The ALJ will then schedule the hearing. The ALJ will provide a Notice of Hearing to set a time and place for the hearing. Prior to the hearing, the parties will engage in the discovery process by taking depositions or serving interrogatories. The parties can request that the OALJ issue a subpoena if documents are needed.

If the parties reach a settlement prior to the hearing, the parties can request that a "Settlement Judge.” A Settlement Judge can set up a meeting in order to discuss settling the claim.


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Procedures at the Longshore Claim Hearings

At the hearing on the longshore claim, the parties will be given the opportunity to call witnesses to testify and present evidence as provided in 20 C.F.R. § 702.338 et seq. A court reporter will create the official record of the proceeding.

The ALJ’s decision and order will be prepared within 20 days of the completion of the hearing. Compensation must be paid within 10 days after it becomes due. Both parties will be mailed a copy of the decision within 24 hours of the day of filing. Any party can request a reconsideration of the decision. However, the Motion for Reconsideration must be filed within 10 days of the filing of the decision as required by 20 C.F.R. § 802.206.


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Appeals with the Benefits Review Board

Within 30 days of the filing of the decision, the parties can file an appeal as explained in 20 C.F.R. § 702.393. The instructions for filing an appeal are on a notice accompanying the copy of the decision that both parties receive from OWCP.

If any party files a Motion for Reconsideration, the time for filing an appeal with the Board is delayed until the ALJ issues an Order on Reconsideration.

Once the Board dockets an appeal, it issues a Notice setting out the briefing schedule and procedural requirements. The Board may affirm, reverse or modify the ALJ’s decision. Additionally, it may remand the case for further proceedings before the ALJ. After the Board issues its decision, any further proceedings go to the federal circuit courts of appeal. This excludes some Defense Base Act cases which are appealed to federal district court.

The Benefits Review Board exercises the appellate review authority executed by the United States District Courts prior to 1973. The decisions of the Benefits Review Board may be appealed to the United States Courts of Appeals, and from there on to the United States Supreme Court.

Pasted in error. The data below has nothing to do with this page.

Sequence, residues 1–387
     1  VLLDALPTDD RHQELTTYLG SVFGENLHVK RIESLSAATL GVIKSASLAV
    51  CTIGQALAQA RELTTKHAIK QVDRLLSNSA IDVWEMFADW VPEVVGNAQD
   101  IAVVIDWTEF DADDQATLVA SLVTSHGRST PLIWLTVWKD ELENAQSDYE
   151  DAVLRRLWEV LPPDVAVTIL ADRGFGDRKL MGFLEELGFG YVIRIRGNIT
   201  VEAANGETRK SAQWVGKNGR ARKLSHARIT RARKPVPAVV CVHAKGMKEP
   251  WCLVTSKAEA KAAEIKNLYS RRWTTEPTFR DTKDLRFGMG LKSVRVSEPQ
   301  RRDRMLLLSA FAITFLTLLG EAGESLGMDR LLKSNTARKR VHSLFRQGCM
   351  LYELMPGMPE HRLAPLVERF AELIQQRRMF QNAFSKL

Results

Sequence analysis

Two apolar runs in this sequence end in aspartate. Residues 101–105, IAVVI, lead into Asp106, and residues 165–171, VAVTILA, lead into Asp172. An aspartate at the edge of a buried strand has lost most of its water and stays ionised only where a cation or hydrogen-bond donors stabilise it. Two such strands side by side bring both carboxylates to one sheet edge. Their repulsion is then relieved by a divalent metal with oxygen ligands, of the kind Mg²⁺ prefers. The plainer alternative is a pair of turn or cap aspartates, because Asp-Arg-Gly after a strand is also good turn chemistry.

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Contact Information for the District Offices of the Longshore District Office


Region X — Seattle

Longshore District Office 14, Seattle
U.S. Department of Labor
OWCP/DLHWC
300 5th Avenue, Suite 1050L
Seattle, WA 98104
Phone: (206) 504-5287
Fax: (206) 467-1073 District Director: R. Todd Bruininks
Regional Director: Christy Long

The Seattle Longshore District Office has jurisdiction over all of the following states: Washington, Oregon, Alaska, Colorado, Idaho, Montana, North Dakota, South Dakota, Utah, and Wyoming. The Seattle Longshore District Office also has Defense Base Act jurisdiction over Canada, west of the 110th degree west longitude, and all areas in the Pacific Ocean north of the 45th degree north latitude.


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Region IX — San Francisco

Longshore District Office 13, San Francisco
U.S. Department of Labor
OWCP/DLHWC
90 7th Street, Suite 15100
San Francisco, CA 94103-6716
Phone: (415) 625-7669
Fax: (415) 625-7470
District Director: R. Todd Bruininks
Regional Director: Christy Long

The San Francisco Longshore District Office has jurisdiction over Northern California (the entire San Francisco Region and north of the northern boundaries of the counties of San Luis, Obispo, Kern, and San Bernardino, as well as the States of Arizona and Nevada).


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Long Beach Longshore District Office

Longshore District Office 18, Long Beach
U.S. Department of Labor
OWCP/DLHWC
501 W. Ocean Blvd., Suite 6230
Long Beach, CA 90802
Phone: (562) 980-3577
Fax: (562) 980-3587 District Director: Marco Adame
Regional Director: Christy Long

The Long Beach Longshore District Office has jurisdiction over claims in California (south of the northern boundaries of the counties of San Luis, Obispo, Kern, and San Bernardino).


This article was last updated Wednesday, July 18, 2018.